Taken in by America
An outsider's look at America and the American
Chapter 3, 'The Staircase Group'
Chapter 4, 'The Show Business'
Chapter 7, 'The Private Eye'
Chapter 21, 'Two Tricks'
Chapter 24, 'Real Copy'
Chapter 26, 'Ole Miss'
Chapter 27, 'Mercurius at Monticello'
Chapter 28, 'Transformation and Redemption'
Chapter 29, 'Mad Men'
Chapter 29, 'Mad Men'

The Pacific Railroad Acts, the first of which President Abraham Lincoln signed on July 1st 1862,
designated Council Bluffs-Omaha as the point on the Missouri River to be the eastern terminus of the Union Pacific Railroad. Following established precedent, land grants were the means by which the dauntingly expensive infrastructure was to be financed. In fact, land grants became the means by which the first batch of Gilded Age robber barons made their fortune.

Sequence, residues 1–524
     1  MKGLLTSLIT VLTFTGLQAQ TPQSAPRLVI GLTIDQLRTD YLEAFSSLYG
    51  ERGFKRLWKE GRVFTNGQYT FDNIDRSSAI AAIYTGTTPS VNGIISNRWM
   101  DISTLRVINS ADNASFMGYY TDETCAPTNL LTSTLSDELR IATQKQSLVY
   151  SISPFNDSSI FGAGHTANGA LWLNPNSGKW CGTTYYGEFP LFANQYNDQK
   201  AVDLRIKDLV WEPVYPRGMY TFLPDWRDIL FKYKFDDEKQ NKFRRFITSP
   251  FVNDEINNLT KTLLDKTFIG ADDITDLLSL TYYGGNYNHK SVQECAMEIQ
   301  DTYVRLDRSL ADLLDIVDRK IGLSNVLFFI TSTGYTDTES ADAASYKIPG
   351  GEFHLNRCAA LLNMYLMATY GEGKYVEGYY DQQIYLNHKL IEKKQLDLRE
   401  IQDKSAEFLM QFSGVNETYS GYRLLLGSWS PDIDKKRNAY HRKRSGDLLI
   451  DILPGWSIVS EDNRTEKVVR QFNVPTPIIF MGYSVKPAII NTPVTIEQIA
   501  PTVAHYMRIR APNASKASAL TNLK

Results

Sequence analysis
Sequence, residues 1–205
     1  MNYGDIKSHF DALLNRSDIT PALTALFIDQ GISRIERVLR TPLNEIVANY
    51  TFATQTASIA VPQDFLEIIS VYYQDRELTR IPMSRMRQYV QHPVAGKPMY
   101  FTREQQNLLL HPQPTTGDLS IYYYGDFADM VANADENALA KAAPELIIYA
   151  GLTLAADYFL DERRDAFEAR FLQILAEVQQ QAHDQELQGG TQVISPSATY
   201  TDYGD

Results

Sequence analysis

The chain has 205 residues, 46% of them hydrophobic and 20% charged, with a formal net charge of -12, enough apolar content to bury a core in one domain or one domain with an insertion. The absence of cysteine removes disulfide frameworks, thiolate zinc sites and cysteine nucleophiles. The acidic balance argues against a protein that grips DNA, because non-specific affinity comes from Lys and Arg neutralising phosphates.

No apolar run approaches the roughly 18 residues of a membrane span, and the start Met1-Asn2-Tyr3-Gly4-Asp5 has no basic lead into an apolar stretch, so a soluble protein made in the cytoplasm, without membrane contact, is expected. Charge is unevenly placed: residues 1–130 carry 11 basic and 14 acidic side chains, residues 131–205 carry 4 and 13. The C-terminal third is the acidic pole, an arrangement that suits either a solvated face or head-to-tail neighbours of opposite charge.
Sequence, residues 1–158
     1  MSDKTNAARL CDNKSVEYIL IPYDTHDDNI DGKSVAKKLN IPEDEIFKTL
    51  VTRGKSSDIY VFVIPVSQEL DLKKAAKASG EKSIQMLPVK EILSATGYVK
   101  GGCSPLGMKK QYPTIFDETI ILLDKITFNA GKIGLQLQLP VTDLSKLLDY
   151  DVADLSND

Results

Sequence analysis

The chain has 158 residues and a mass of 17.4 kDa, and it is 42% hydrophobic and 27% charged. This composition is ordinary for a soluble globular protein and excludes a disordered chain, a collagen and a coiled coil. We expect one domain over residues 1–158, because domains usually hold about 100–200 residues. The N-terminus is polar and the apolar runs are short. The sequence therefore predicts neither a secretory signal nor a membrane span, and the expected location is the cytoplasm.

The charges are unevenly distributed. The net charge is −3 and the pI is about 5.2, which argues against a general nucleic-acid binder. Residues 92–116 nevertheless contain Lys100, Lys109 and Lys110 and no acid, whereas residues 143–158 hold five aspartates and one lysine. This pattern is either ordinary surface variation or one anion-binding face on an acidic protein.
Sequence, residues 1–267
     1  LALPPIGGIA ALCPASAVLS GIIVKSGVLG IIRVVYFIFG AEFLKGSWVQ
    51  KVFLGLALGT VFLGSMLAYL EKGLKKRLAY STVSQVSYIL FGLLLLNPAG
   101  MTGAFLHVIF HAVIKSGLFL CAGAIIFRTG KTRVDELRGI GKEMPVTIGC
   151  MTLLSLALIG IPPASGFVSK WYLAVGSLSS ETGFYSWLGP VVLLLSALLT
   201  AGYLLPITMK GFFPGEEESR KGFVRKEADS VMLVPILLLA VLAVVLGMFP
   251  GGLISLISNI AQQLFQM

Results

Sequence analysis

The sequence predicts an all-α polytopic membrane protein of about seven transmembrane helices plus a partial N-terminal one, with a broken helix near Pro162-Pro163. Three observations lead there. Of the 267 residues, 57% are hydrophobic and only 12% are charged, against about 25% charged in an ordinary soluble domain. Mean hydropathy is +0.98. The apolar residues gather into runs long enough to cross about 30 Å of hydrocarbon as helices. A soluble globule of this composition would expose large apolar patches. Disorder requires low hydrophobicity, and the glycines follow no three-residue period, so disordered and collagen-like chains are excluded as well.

William J Palmer, the Quaker who built the Kansas Pacific railroad and inadvertently gave birth to the American cowboy,  had recognised early on that the way to make big money in the USA was to gain the confidence of capitalists. To that end, he had convinced financiers in Philadelphia, New York and Great Britain that the best investment was in the American West. While building the Kansas Pacific, Palmer had learned the important lesson that “more capital could be collected from organizing land companies, laying out towns, and selling lots than from the railroad itself. That the towns might wither and die for lack of any economic base was of no concern … ”  Herein lay the means by which Mercurius supplanted indigenous Trickster and manifested as the spirit destined to govern the whole nation.

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